For this purpose there is the varnasrama-dharma, composed of four varnas and four asramas. Unless society is divided into these eight categories, it is simply an animal civilization. There must be some systematized, regulated arrangement. For instance, there are different divisions for the body: the head, the arms, the belly and the legs. Without the four corresponding divisions, no society can be conducted very well. There will simply be chaos. The words sthane sthitah mean “remaining in the varnasrama-dharma.” Even a sudra can understand what is Brahman, and in that case he becomes a brahmana automatically. It is necessary that one hear attentively. That is all.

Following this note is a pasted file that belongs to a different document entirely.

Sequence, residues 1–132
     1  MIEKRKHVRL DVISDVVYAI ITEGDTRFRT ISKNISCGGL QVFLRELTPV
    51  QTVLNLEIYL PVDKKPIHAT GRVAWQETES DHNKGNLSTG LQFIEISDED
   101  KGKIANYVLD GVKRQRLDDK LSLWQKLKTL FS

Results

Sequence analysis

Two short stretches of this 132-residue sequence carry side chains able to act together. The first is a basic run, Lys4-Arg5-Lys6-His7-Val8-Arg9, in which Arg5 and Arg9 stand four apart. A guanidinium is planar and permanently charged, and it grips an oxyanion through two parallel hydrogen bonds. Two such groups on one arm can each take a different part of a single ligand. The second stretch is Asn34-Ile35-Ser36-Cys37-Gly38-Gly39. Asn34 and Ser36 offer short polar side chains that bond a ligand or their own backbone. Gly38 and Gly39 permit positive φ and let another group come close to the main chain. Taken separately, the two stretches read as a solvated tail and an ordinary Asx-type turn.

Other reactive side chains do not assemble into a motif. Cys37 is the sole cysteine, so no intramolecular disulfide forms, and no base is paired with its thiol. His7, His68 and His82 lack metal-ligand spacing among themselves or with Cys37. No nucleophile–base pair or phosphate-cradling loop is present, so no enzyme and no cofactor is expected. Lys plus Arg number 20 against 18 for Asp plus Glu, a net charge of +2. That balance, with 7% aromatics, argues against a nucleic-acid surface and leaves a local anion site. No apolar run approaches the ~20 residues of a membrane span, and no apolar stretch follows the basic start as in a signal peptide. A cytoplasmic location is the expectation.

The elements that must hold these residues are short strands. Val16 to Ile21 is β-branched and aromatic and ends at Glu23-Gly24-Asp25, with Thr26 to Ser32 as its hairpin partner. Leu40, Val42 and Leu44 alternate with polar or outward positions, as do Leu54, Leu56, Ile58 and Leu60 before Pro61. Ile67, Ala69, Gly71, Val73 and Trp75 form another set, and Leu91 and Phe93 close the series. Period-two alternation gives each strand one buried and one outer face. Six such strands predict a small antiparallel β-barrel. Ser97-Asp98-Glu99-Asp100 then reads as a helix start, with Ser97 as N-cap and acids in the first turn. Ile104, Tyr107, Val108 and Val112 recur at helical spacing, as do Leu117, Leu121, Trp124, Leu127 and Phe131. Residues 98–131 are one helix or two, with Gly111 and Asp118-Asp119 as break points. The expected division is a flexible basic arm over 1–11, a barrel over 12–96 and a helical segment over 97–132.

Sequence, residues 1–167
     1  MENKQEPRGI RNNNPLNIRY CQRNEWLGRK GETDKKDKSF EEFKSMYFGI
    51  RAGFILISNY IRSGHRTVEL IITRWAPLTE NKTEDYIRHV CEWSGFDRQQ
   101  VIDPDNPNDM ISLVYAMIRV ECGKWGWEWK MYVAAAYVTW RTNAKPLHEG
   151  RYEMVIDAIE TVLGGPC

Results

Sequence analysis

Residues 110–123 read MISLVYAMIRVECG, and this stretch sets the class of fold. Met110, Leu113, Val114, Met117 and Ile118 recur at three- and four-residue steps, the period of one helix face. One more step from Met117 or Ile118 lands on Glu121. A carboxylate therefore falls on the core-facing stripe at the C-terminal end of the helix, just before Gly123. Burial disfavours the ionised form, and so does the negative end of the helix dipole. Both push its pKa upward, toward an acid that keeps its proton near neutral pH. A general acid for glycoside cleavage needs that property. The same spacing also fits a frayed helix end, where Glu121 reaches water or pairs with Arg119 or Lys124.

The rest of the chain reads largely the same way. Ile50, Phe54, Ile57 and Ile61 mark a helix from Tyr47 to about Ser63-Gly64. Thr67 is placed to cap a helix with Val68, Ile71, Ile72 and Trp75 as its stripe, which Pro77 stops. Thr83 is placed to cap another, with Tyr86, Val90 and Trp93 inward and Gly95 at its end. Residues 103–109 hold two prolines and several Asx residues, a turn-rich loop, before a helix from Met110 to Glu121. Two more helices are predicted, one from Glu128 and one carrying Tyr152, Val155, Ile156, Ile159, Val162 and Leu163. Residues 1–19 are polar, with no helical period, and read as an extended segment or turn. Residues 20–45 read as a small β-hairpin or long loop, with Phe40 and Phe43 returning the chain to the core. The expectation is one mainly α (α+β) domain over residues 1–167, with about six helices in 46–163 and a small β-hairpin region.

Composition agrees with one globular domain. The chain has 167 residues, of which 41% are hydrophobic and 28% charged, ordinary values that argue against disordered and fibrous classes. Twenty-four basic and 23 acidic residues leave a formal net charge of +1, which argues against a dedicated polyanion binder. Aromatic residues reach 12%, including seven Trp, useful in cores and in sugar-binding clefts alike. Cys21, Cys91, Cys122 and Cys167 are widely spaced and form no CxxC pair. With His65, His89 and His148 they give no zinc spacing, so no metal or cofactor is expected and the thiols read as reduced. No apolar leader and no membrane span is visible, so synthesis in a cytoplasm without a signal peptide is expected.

It is stated that Vidura heard from Maitreya Rsi, and that Maitreya Rsi was very pleased. Unless one satisfies his guru, one cannot receive proper knowledge. That is quite natural. If one receives his guru properly and seats him comfortably, and if the guru is pleased with one’s behavior, the guru can speak very frankly and freely, and this will be very beneficial to the student. By going to a spiritual master and asking for his instructions and then not following them, one simply wastes his time. Nor should one approach the spiritual master with a challenging spirit, but should go with the aim of rendering service. The word nipat means “to fall down,” and pra means “without reservation.” Transcendental knowledge is based on pranipata. Therefore Krsna says: sarva-dharman parityajya mam ekam saranam vraja. [Bg. 18.66] “Just surrender unto Me.” Just as we surrender unto Krsna, we have to surrender unto His representative, the spiritual master. The guru is Krsna’s external representative, and the internal guru is Krsna Himself situated in everyone’s heart. It is not that Krsna is simply in Vaikuntha or Goloka Vrndavana. He is everywhere; He is even within the atom. Goloka eva nivasaty akhilatma-bhutah (Brahma-samhita 5.37). That is the definition of Paramatma, the Supersoul. I am atma, a spiritual soul, and you are atma. We are all situated locally, you within your body and I within mine, but the Paramatma is situated everywhere. That is the difference between atma and Paramatma. Those who are mistaken say that there is no difference between them, but there is a difference. They are one in the sense that both are cognizant and both are living entities (nityo nityanam cetanas cetananam), but they are different quantitatively. Krsna states in Bhagavad-gita (13.3):